. In fact, Gingrich is completely right. Desepite attempts to rewrite history, there was never a state called Palestine. There was never a Palestinian people before 1920 either. Up until then the Arab residents in of the Ottoman Empire living in Israel were considered Syrians and part of that province. It was really only in 1920 when the new French and British mandates in the area split the Syrian Arab population between French Lebanon and Syria and British Israel and Transjordan that a new national entity suddenly sprung into existence. Cut off from their Syrian brethren and resigned to never reuniting with them, the Arabs in Israel suddenly became Palestinian.
The Arab population of Israel subsequently swelling through unrestricted immigration even as the British, may their island sink, sealed the borders of our land to us. Most of the immigrants came looking for jobs but all they had to do was establish a mailing address and they became Palestinian from time immemorial.
This situation developed further after the 1948 War of Independence. Despite the Arabs abandoning their supposedly ancestral homeland in large numbers, they created a new fiction - there had been a greaet and prosperous nation of Palestine which the Zionists had destroyed and replaced with the new Israeli state. Curiously, the borders back then were what are now called pre-1967 Israel. In 1964 the PLO was founded and given bases of operations in 'Aza and Yehuda/Shomron which, again quite curiously, were not part of ancestral Palestine - the Egyptians and Jordanians were having none of that - so that they could liberate ancestral Palestine, again: pre-1967 Israel.
It was only with Israel's stunning and miraculous victory in the Six Day War that the borders of this mysterious country of Palestine shifted and suddenly encompassed Yesha, along with pre-1967 Israel. What kind of a country can't decide where its borders were?
Golda Meir famously said there was no such thing as the Palestinian people. She was half-right. There never was such a thing as the Palestinian people. They are indeed a creation of the Arab propaganda machine, designed as part of the war to delegitimize and ultimately destroy Israel. But they exists now. The question is: does that matter?
What made Ronald Reagan the greatest president of the United States in the second half of the 20th century was his willingness to question what everyone considered conventional wisdom. When he entered the Oval Office it was taken for granted that we lived in a world with two dominant superpowers and that every other country essentially had to pick a side, that the Cold War would last forever, that balance between the USA and USSR was part of the natural order of things.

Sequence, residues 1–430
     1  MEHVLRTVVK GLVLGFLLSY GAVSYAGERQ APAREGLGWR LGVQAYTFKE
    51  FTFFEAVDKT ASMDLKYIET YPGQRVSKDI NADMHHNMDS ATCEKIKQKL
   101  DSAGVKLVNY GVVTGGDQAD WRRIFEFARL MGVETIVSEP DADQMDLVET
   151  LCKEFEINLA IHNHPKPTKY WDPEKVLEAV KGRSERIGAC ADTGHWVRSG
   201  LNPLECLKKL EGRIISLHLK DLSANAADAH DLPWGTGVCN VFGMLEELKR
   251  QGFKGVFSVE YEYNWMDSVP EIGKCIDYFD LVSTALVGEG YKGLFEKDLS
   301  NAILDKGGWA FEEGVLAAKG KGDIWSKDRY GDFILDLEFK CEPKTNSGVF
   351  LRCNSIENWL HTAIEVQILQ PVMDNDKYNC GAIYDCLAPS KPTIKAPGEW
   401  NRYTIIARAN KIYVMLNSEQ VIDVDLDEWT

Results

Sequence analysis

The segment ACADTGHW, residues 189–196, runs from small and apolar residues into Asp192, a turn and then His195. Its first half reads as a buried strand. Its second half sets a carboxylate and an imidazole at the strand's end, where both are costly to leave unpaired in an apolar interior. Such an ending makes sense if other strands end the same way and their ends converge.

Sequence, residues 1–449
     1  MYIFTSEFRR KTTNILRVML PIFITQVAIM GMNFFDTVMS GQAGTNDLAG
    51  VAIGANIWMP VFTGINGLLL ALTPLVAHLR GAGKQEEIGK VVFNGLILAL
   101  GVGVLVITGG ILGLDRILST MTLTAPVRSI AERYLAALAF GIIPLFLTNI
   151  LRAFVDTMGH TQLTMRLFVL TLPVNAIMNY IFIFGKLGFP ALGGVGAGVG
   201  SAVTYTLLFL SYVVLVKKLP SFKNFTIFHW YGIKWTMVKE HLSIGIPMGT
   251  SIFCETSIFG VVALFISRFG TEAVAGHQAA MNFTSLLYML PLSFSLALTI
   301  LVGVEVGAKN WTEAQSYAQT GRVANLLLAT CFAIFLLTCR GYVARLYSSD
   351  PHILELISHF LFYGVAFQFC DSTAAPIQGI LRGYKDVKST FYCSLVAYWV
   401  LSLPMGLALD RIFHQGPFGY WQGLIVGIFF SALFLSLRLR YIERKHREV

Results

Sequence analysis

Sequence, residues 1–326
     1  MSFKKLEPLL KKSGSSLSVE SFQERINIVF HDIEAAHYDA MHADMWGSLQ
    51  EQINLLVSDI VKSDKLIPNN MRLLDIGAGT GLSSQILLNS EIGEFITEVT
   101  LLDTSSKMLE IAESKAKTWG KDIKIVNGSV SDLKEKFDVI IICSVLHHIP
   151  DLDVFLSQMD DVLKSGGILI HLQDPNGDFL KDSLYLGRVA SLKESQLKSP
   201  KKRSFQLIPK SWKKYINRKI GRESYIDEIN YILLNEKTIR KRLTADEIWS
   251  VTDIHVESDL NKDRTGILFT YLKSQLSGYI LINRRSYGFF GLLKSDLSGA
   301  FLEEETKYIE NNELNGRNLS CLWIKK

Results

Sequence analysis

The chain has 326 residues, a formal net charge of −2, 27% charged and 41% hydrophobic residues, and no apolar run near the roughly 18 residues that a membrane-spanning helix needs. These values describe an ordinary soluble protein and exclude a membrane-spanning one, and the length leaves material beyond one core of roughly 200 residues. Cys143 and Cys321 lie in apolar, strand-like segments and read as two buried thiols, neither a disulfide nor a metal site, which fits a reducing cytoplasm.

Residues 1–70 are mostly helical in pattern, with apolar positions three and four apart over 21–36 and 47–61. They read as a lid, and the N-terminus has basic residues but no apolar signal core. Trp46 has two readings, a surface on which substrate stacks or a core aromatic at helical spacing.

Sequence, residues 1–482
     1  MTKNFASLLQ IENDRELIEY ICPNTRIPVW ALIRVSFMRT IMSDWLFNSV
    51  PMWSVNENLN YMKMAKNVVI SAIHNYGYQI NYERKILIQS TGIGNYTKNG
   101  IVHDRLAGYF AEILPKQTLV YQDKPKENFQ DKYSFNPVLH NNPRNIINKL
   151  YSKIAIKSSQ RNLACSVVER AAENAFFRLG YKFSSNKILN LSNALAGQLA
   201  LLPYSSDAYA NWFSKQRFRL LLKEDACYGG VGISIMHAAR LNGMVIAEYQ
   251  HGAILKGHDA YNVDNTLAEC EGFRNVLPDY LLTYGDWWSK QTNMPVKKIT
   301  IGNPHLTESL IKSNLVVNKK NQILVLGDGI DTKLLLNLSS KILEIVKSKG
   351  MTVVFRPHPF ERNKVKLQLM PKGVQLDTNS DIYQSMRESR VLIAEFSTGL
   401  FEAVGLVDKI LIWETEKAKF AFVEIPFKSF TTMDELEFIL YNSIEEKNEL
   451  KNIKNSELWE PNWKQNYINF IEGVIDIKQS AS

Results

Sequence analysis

Reagan refused to accept this. The USSR wasn't a second superpower to him. He was quite prepared to call it what it was: the Evil Empire, source of death and destruction and a powerful threat to freedom across the globe. Its existence did not have to be tolerated. It did not have to be a balance to the USA. As a result he set out to end the existence of the USSR and within a decade he had done so, providing the US with its greatest chance to end much of the oppression in the world. (Not my fault they didn't).
What Gingrich's has done is thrown down the gauntlet to those that wish to defend Israel against its enemies. By accepting the idea that there is such a thing as a Palestinian people with legitimate nationalistic aspirations one has already lost the argument over Israel's legitimacy since the whole essence of the so-called Palestinian narrative is: We were here first. Gingrich takes the argument back to fairer ground: The Jews can prove they have been in the land for 3500 years. What proof do you have that your existence as a people stretches back past 1920 other than invented histories and stories?
In effect, Gingrich's statement forces secular liberal Jews to take a position: either you accept the truth or you accept your enemy's version of history. It's not someting many of them are ready to do.
The US Republican presidential hopeful Newt Gingrich has declared that the Palestinians are an "invented" people who want to destroy Israel.
The Jewish Channel, a cable TV station, posted online its interview with the former US House speaker, who has risen to the top of Republican nomination candidates to challenge Democratic President Barack Obama in the November 2012 election.
Gingrich differed from official US policy that respects the Palestinians as a people deserving of their own state based on negotiations with Israel. "Remember, there was no Palestine as a state. It was part of the Ottoman Empire" until the early 20th century, Gingrich said.
"I think that we've had an invented Palestinian people who are in fact Arabs and who were historically part of the Arab community. And they had a chance to go many places, and for a variety of political reasons we have sustained this war against Israel now since the 1940s, and it's tragic," he said.
For liberal Jews in North America this outright rejection of over 60 years of Arab propaganda is quite disconcerting. For reasons of ethnic feelings of attachment many of them want to be pro-Israel. On the other hand, their secular post-nationalist sentiments demand that they feel sympathy for the perceived underdog in the ongoing clash in Israel, the Arabs. They want to proudly wave the blue and white but at the same time express, with all due seriousness, their desire for the creation of a new terrorist state, Palestine, because the so-called Palestinians deserve it as a matter of social justice or some other such nonsensical term. The outright rejection of the legitimacy of a so-called Palestinian people is beyond their conception and makes them very uncomfortable